ICRS (Intrastromal Corneal Ring Segments) A clear, half-ring shaped plastic that is surgically inserted into the cornea, but outside of the visual axis. For example, for a nearsighted person, two ring segments are surgically inserted on opposite sides of the cornea, forming a hoop. This stretched-flat cornea now has less positive-diopter power (less refractive error). (top)

index see "refractive index." (top)

iris The tissue behind the cornea that gives color to the eye (blue, brown, hazel, etc.). It controls the amount of light that reaches the retina, and the depth of focus of the eye, by varying the size of the pupil. (top)

kera The Latin word for eye. (top)

keratometry The measurement of the curvature of the cornea. This process determines the best fitting contact lens for a given person; contact lenses of the same brand and power come in a choice of base curves. (top)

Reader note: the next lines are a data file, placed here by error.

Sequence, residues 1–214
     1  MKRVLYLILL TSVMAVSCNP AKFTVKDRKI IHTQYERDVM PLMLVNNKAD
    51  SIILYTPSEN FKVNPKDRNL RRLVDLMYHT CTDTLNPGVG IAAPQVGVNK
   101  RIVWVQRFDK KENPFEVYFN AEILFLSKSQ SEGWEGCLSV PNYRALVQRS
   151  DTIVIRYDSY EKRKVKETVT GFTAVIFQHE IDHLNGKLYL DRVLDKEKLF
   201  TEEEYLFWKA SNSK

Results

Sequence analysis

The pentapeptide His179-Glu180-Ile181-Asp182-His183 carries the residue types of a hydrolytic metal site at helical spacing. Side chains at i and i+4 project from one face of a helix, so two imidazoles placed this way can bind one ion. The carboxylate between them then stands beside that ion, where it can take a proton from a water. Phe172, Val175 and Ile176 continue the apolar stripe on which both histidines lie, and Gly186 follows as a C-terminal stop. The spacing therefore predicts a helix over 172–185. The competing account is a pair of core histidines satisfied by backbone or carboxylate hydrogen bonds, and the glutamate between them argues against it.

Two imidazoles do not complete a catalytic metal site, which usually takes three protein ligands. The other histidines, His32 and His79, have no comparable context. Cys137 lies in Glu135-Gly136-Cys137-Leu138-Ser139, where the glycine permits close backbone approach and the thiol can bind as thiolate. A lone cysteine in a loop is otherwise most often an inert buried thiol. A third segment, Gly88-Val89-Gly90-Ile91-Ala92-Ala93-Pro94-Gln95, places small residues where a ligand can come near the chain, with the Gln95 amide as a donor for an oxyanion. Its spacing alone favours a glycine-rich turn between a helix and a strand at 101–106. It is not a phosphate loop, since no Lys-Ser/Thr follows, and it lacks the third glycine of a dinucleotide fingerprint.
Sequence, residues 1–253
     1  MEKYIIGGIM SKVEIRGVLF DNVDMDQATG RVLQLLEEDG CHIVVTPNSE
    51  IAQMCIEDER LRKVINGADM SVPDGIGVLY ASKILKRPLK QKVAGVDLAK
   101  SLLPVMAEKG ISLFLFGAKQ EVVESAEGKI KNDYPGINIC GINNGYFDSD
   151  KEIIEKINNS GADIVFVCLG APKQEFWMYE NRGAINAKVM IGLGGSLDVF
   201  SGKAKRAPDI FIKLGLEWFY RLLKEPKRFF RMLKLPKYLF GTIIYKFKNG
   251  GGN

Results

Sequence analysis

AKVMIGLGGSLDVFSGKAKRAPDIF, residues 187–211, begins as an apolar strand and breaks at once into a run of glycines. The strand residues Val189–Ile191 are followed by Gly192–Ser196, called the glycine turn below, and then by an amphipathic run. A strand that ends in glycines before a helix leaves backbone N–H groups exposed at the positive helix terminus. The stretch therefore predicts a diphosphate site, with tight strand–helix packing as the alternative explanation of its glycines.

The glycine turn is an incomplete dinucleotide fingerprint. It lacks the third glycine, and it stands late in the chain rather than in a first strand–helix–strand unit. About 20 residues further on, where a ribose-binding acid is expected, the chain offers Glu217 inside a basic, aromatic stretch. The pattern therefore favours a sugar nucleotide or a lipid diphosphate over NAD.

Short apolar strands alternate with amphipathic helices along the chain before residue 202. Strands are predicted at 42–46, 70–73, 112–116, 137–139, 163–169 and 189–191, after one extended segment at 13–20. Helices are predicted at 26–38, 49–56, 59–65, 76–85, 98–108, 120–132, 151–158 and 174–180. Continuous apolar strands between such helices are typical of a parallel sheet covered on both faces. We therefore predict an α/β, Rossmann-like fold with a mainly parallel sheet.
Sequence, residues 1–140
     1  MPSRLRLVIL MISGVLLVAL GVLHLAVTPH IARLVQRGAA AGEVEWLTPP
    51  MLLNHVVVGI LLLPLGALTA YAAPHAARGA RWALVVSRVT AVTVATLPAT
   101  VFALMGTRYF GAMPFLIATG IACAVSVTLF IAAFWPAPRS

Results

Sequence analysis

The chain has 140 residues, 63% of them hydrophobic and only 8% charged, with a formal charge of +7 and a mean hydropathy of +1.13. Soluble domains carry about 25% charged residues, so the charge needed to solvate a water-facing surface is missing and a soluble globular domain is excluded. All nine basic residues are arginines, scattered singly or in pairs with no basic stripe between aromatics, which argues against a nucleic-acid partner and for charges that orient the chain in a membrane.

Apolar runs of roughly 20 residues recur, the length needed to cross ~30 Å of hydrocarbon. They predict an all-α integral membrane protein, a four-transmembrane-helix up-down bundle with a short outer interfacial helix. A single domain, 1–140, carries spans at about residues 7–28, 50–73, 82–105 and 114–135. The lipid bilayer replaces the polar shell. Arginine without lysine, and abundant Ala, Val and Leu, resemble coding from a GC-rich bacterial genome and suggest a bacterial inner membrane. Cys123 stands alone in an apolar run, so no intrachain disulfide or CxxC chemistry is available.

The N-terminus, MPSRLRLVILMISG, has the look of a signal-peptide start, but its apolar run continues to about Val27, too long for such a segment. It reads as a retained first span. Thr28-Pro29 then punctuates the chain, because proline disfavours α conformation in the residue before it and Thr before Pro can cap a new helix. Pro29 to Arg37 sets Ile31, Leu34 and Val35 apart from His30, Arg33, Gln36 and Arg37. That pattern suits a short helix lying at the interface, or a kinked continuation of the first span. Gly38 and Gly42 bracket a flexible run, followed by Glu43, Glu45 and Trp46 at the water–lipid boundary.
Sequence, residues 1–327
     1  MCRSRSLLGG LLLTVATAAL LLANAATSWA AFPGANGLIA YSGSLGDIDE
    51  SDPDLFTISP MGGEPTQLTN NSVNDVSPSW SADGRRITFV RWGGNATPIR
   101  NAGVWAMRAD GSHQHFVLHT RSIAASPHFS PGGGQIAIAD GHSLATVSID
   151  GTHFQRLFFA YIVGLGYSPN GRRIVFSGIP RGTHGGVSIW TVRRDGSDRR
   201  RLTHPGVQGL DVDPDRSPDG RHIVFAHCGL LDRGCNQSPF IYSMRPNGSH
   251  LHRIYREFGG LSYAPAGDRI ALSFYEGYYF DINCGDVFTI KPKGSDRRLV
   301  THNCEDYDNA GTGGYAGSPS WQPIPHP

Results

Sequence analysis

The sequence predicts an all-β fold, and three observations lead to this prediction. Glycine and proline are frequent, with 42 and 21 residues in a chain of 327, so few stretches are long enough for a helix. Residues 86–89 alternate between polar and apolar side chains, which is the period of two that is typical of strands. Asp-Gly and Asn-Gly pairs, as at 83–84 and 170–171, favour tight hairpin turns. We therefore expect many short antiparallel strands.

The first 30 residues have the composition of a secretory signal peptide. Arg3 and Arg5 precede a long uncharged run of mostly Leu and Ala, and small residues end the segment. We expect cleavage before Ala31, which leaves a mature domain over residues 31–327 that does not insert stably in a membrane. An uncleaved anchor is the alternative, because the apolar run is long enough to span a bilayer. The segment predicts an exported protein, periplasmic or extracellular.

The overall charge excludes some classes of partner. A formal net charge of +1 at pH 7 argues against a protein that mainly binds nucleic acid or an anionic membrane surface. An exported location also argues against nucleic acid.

LASIK (Laser Assisted In-Situ Keratomileusis) A vision correction surgery procedure to treat hyperopia, myopia and astigmatism. The curvature of the cornea is altered by first raising a "flap" of cornea, ablating the tissue underneath with an excimer laser (PRK) machine, then closing the flap on top. Sometimes referred to as "flap-n-zap".(top)

modified monovision (first see monovision) Wearing one progressive ("bifocal") contact lens, usually only on the close-vision eye. The distance-vision eye wears a single power contact lens. Therefore distance vision receives in-focus images from both eyes, considered superior for low-light conditions. (top)